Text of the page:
Overseas students are not the problem

Decline in global demand for English higher education
A study by HEFCE demonstrates that growth in overseas entrants to higher education in England has reduced significantly since 2010 – the first decline in 29 years.

Well, that’s hardly surprising. Or unexpected.

The 2014 Grant letter

The 2014 Grant letter: another epistolary triumph
But enough of the content, what about the important stuff like length? At 22 paragraphs, excluding the covering letter, or 26 if you include the substantive comments in the letter, it is shorter than any of its three predecessors from the BIS duo which have come in at 36, 35 and 28 paragraphs long. It is pleasing though that the Secretary of State’s signature remains as cheerful as ever.

vincecablesignature

I’m not so directly involved with this side of university business these days, but this is a great summary. And the Twitter stuff’s been good too.

Reducing burden, or just moving it about a bit?

desk

Something that’s not going to affect many people out there in the real world, but still, a step in the right direction:

Trac burden cut after Hefce review
Universities are to benefit from a reduced administrative burden in supplying information about their costs, but government pressure to give more of such data to students has met with a cool response.

Having said that, for me that administrative burden is coming from a different direction. For instance this, thankfully not from my place…

Thousands of Winchester students lose out on loan money
Nearly 2,000 Winchester students have each lost out on £400 of student loan funding due to an admin blunder.

Digital HE

HE Planning Blog: Core/Margin: Implementation
There is an element of the prisoners’ dilemma here because if the Government’s policies drive a few universities into bankruptcy that is a problem for those universities; if almost all the existing universities are bankrupted, that is a problem for the Government. Because a significant group of universities have moved, and the margin numbers have been substantially overbid, Government will be emboldened to keep pushing, and institutions above £7,500 (and below AAB) will begin to feel more threatened. We can expect to see a further wave of fee reductions next year.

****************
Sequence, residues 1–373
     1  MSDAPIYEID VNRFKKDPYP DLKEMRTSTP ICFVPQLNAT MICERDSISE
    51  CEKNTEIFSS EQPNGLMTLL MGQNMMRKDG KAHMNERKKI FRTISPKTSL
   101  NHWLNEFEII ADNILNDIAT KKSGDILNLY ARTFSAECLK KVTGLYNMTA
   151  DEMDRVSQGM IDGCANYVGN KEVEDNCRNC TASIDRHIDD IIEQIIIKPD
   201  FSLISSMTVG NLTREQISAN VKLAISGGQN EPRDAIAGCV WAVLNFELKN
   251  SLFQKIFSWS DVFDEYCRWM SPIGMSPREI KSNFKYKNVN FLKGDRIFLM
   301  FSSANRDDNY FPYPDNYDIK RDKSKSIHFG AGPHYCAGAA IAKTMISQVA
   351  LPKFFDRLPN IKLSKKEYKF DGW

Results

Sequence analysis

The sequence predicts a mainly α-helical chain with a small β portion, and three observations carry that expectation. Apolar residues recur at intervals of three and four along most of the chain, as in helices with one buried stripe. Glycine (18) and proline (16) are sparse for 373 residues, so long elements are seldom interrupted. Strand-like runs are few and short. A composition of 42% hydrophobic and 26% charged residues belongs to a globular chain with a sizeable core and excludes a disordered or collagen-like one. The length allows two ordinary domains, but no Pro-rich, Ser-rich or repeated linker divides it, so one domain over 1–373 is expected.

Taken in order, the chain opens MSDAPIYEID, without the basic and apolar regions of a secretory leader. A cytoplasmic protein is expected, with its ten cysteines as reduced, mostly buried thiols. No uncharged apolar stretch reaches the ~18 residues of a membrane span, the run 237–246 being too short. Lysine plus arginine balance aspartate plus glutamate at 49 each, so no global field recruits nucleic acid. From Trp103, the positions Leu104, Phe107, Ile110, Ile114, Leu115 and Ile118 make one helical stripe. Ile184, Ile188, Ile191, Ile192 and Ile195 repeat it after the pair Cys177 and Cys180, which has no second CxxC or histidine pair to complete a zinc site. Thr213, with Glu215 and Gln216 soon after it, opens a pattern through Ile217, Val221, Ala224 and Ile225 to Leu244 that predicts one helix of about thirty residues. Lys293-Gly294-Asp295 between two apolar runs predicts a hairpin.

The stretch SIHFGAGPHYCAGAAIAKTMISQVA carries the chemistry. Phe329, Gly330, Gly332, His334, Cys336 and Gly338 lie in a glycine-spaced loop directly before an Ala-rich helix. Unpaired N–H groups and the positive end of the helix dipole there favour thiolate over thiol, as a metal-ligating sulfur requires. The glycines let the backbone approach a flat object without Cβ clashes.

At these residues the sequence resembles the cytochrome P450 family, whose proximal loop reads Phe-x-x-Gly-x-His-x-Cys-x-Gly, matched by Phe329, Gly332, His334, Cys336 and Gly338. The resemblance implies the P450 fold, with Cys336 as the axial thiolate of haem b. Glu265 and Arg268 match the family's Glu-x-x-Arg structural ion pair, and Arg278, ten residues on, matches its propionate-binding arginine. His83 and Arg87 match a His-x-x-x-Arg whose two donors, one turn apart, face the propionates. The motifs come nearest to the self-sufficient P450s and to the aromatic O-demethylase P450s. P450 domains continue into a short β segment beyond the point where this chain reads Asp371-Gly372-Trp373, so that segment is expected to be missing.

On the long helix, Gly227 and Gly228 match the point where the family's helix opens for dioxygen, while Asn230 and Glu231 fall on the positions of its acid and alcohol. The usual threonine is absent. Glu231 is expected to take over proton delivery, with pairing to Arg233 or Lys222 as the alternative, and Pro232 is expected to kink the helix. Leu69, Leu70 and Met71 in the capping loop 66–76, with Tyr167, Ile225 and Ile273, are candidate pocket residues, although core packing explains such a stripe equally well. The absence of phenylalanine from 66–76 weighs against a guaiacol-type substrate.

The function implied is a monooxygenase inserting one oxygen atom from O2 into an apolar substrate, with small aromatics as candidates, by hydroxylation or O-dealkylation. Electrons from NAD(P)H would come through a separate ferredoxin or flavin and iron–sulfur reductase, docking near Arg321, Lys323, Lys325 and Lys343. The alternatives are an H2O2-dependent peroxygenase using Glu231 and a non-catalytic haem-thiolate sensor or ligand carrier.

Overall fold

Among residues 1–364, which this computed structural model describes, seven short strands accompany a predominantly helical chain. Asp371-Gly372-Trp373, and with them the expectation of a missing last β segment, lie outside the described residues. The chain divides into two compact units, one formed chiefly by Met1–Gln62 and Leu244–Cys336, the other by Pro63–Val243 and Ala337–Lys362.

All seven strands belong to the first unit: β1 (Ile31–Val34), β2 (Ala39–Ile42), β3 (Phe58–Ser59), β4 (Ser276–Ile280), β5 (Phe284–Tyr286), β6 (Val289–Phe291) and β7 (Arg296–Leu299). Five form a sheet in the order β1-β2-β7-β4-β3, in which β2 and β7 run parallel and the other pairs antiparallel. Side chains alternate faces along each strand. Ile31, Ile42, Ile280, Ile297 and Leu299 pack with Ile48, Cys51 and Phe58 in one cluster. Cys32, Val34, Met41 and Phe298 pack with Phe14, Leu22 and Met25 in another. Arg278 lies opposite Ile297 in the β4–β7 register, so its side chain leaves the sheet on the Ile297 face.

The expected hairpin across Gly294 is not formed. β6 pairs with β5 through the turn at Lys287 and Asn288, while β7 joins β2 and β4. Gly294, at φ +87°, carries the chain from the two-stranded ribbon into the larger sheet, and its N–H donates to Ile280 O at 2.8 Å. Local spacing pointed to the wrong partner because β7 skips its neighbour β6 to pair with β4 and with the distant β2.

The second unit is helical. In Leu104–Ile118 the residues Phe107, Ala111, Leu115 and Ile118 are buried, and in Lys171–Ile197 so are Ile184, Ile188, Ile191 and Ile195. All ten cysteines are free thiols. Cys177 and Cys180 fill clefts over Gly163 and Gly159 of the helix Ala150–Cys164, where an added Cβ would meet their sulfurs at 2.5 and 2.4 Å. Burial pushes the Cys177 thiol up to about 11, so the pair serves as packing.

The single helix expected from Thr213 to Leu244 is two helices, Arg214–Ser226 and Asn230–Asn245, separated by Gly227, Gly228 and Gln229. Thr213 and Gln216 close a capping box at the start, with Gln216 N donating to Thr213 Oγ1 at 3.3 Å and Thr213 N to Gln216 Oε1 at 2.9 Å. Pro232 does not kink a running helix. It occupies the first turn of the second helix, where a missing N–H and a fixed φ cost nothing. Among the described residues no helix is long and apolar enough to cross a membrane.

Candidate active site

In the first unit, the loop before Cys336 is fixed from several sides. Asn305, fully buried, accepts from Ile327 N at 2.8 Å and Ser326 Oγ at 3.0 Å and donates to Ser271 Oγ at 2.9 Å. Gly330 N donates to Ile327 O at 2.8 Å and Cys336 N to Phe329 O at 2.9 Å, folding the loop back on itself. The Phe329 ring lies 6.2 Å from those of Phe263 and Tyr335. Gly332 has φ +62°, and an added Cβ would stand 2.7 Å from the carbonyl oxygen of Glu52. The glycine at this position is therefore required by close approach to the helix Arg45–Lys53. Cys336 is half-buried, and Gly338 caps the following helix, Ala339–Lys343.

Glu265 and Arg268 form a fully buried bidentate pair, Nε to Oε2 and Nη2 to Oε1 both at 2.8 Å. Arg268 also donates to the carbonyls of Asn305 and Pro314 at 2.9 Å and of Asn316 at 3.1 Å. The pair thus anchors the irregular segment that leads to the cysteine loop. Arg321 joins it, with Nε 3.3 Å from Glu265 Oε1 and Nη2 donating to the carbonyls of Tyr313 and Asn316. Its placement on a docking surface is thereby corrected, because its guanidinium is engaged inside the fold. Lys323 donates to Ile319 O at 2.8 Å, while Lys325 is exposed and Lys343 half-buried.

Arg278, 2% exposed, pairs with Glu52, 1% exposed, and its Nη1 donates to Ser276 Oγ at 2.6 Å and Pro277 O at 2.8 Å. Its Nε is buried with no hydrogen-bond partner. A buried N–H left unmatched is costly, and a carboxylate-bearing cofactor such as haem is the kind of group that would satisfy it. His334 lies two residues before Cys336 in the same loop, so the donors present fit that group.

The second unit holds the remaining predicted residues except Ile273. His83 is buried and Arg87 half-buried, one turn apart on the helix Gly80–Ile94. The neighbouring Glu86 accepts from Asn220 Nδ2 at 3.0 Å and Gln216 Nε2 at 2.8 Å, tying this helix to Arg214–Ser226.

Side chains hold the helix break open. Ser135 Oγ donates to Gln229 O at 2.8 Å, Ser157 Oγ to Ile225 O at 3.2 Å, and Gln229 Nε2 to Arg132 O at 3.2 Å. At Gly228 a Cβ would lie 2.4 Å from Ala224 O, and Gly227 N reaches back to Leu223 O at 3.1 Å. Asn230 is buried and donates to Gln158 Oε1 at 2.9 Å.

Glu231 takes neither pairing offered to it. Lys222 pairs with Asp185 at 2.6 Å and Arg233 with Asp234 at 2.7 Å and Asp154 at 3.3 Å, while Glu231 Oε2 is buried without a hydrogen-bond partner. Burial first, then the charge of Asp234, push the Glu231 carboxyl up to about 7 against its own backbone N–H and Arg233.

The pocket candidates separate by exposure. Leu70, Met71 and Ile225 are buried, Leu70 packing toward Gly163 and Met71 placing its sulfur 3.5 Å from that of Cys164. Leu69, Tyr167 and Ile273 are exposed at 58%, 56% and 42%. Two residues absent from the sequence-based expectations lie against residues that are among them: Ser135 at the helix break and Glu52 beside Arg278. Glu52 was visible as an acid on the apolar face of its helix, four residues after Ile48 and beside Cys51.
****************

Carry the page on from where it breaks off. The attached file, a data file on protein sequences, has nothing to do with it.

What will drive the expansion of design in digital higher ed?
For a variety of reasons (that I will address in a future post), the software and content created for digital higher education has completely ignored the role of design – and it shows. However, there are a number of forces in play that may give the field of design a more central role in digital higher education.

HE standards, e-mail

Watchdog finds fault with Leeds Met validation
The Quality Assurance Agency has raised concerns about Leeds Metropolitan University’s validation of degrees. The watchdog said this week that it had “limited confidence” in the institution’s management of academic standards for courses delivered by partner colleges.

The price of a University drop-out 4: Time for some numbers
The data takes into account HEFCE decided partial completion premiums and the reduced funding delivered for each masters and post-graduate student (because they pay entirely for their course), and is, basically, quite complicated. The data I compiled (in slightly raw, Google doc form) was drawn from HEFCE-released data from 10/11, and is free for anyone to play with, so if you want to see how your university fares for non-completion rates, take a look. So what can we take from this? I think the most interesting discussions will be for the future, and how the whole system will dramatically change why tuition fees sky-rocket.

A “zero email” policy that makes zero sense
According to this article (also covered by the WSJ), the French IT company Atos has discovered that its employees are becoming less productive because of the increasing onslaught of email. … the CEO announced that the company will BAN EMAIL. This is a technology company with 74,000 employees. No more emails – internally, at least, as a few people outside the company still use the tool. If you work in X business, shouldn’t you make sure your employees are good at X?